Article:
# Project 2: Wall Anchor

If you live in an older house, you may know this problem. You want to hang something on the wall or ceiling, start to drill a hole and suddenly the drill starts to wander. You end up with a pretty big hole in the wall that is way too big for the screws you want to use. In this project we want to design a special wall anchor that can help you in this case.

## What’s new? 🔗

We will create our first extrusion object using the 2D basic shapes square and circle together with the linear extrusion transformation linear_extrude. Furthermore, we will get to know a new variant of the rotation transformation rotate as well as the 3D basic shape cylinder. Lastly, we will deepen our knowledge of already known functions.

## Let’s go 🔗

Again, let’s start by first defining a module and a test instance of that module:

// a special wall anchor with lots of adjustments
// (all sizes in millimeter)

module wall_anchor (
drill_hole_dm,          // drill hole diameter
screw_dm,               // screw diameter
length                  // anchor length
){

}

wall_anchor(8,5,50);

Since we are going to add quite a few parameters to our module, we arrange the parameters as a vertical list this time. This also allows us to add comments to the parameters right next to them. Let’s begin with a square shaped wall anchor. We will add the round version of the anchor as an option later. If the wall anchor has a square cross-section and it has to fit into a round drill hole, then the diagonal of the square must correspond to the diameter of the drill hole. In order to derive the side length of the square from the diameter of the drill hole, old Pythagoras can help us again:

/* ... */
module wall_anchor (
drill_hole_dm,          // drill hole diameter
screw_dm,               // screw diameter
length                  // anchor length
){

side_length = sqrt( pow(drill_hole_dm, 2) / 2 );

linear_extrude( height = length )
square( side_length, center = true );

}
/* ... */

We know that a^2 + b^2 = c^2 holds true in a right triangle. In our particular case here, the long side of the triangle c is given and we are looking for the length of the small sides. Since our triangle is in a square, we already know that the small sides are equal in length. So we can rewrite our formula to a^2 + a^2 = c^2 or 2 x a^2 = c^2. If we now move the 2 to the other side of the equation, we are almost done: a^2 = c^2 / 2. To get a, we only have to take the square root: a = sqrt( c^2 / 2 ).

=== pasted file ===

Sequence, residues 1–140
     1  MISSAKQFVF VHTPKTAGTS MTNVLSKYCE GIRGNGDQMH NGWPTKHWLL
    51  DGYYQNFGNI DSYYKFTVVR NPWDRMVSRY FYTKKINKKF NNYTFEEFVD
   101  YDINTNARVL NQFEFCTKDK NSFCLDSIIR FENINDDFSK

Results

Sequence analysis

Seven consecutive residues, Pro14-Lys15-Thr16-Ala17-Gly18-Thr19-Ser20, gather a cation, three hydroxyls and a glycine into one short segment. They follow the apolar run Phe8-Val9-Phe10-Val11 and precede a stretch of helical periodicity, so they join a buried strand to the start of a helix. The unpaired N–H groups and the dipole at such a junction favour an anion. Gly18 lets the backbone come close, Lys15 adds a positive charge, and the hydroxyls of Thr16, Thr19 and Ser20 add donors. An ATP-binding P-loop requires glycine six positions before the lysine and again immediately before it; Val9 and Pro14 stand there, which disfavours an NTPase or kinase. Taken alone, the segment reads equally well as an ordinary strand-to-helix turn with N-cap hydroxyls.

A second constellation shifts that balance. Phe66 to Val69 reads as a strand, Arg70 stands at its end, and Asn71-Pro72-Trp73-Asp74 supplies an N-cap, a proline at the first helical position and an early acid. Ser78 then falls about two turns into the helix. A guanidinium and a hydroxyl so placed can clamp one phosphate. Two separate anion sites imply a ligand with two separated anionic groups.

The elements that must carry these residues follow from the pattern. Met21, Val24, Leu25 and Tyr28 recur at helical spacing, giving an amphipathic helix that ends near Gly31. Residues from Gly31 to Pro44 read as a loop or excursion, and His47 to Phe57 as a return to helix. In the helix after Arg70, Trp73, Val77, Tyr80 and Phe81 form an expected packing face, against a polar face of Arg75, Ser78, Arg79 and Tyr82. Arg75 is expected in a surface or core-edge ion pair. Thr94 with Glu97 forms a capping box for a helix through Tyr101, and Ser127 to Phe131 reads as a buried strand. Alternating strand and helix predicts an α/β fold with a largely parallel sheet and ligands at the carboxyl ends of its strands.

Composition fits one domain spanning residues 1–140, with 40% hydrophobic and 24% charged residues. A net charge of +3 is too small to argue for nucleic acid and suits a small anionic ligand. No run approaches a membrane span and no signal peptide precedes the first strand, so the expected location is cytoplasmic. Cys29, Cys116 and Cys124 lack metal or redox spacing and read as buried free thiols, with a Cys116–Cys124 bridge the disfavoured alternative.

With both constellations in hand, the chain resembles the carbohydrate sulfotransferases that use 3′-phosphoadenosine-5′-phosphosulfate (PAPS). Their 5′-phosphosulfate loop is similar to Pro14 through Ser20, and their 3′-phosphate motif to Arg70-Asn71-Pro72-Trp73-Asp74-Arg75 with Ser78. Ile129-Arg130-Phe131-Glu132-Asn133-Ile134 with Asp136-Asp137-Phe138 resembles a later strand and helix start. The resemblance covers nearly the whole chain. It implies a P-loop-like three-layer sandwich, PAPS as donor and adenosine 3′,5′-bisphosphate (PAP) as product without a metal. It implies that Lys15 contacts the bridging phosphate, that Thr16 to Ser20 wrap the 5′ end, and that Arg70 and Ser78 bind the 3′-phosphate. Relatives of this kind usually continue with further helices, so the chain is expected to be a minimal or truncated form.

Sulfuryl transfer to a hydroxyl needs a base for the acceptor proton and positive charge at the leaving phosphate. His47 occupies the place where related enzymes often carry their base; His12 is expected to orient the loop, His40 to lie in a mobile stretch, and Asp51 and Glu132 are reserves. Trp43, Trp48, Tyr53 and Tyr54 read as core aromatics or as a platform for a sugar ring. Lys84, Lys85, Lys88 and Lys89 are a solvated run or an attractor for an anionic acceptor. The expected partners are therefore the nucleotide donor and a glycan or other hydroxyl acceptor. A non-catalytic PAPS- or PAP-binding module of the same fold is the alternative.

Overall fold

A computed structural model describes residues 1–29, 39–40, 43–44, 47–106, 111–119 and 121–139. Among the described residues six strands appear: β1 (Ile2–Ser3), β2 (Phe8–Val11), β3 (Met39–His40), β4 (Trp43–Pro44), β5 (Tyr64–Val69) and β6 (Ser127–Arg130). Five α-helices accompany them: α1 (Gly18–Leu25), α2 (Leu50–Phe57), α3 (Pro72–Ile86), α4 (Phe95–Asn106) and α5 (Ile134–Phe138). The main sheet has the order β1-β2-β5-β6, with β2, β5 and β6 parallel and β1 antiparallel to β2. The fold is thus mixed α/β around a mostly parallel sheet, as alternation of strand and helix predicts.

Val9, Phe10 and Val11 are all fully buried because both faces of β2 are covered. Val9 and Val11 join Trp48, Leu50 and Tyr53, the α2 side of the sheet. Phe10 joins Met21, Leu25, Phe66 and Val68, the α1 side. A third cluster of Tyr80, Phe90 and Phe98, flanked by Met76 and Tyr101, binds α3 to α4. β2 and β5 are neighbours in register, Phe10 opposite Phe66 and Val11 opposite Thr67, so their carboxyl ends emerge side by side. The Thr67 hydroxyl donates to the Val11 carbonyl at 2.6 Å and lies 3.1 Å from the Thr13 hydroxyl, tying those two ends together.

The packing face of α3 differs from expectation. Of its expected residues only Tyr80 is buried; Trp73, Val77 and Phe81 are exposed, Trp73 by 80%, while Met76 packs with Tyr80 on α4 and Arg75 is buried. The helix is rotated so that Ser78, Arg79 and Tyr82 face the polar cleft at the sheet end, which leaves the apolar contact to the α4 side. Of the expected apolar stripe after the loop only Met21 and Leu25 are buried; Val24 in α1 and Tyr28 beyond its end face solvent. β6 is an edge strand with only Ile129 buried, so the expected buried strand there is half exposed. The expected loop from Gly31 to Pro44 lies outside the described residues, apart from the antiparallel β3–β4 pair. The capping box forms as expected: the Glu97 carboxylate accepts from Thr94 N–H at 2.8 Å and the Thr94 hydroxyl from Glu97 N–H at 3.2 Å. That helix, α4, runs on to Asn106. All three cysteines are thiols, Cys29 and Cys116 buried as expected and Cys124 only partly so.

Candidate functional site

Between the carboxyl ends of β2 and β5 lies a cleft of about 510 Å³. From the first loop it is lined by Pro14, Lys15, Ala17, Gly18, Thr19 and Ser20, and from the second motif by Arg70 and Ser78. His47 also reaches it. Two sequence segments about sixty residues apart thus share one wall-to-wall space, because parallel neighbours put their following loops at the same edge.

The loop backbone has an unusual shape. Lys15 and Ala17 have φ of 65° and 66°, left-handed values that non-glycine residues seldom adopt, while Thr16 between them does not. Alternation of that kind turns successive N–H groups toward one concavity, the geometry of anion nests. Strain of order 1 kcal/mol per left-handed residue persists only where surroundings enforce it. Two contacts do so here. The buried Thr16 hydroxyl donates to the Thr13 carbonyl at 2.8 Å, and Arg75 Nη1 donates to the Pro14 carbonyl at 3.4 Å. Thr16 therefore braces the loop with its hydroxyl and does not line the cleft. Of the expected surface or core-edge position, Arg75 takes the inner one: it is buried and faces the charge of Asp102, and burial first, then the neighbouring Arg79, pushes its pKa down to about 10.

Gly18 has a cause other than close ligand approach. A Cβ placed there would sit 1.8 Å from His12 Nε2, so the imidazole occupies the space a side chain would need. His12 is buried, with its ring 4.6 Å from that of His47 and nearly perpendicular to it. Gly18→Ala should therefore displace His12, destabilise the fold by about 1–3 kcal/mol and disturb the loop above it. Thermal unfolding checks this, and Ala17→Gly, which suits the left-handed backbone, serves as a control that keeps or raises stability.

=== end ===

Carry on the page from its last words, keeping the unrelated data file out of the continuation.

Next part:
In this project we do not use the 3D basic shape cube to describe the body of the wall anchor. Instead, we use its two-dimensional counterpart square and then transform the 2D shape into a 3D object by using linear_extrude. We will see the benefit of this approach in the next step.

As mentioned above, our wall anchor should also work in “difficult” drill holes that have become larger than planned due to the drill wandering. Therefore, we want the basic shape of our anchor to be wedge-shaped. We add two new parameters that will allow us to adjust our wall anchor in this regard as needed. The parameter oversize will be added to the drill diameter. The parameter outer_taper is a taper factor that makes the wall anchor thinner towards the end. Instead of a factor one could also consider specifying a “target diameter”. However, this would mean that you always have to specify this diameter, since it has to be selected to match the borehole diameter. Using a taper factor allows to give the parameter a reasonable default value that links the resulting taper to the borehole diameter. Thus, the parameter has to be changed only if this default value does not lead to a good result. As we implement the taper in our geometry description we can now benefit from our decision to use a combination of square and linear_extrude instead of using a cube: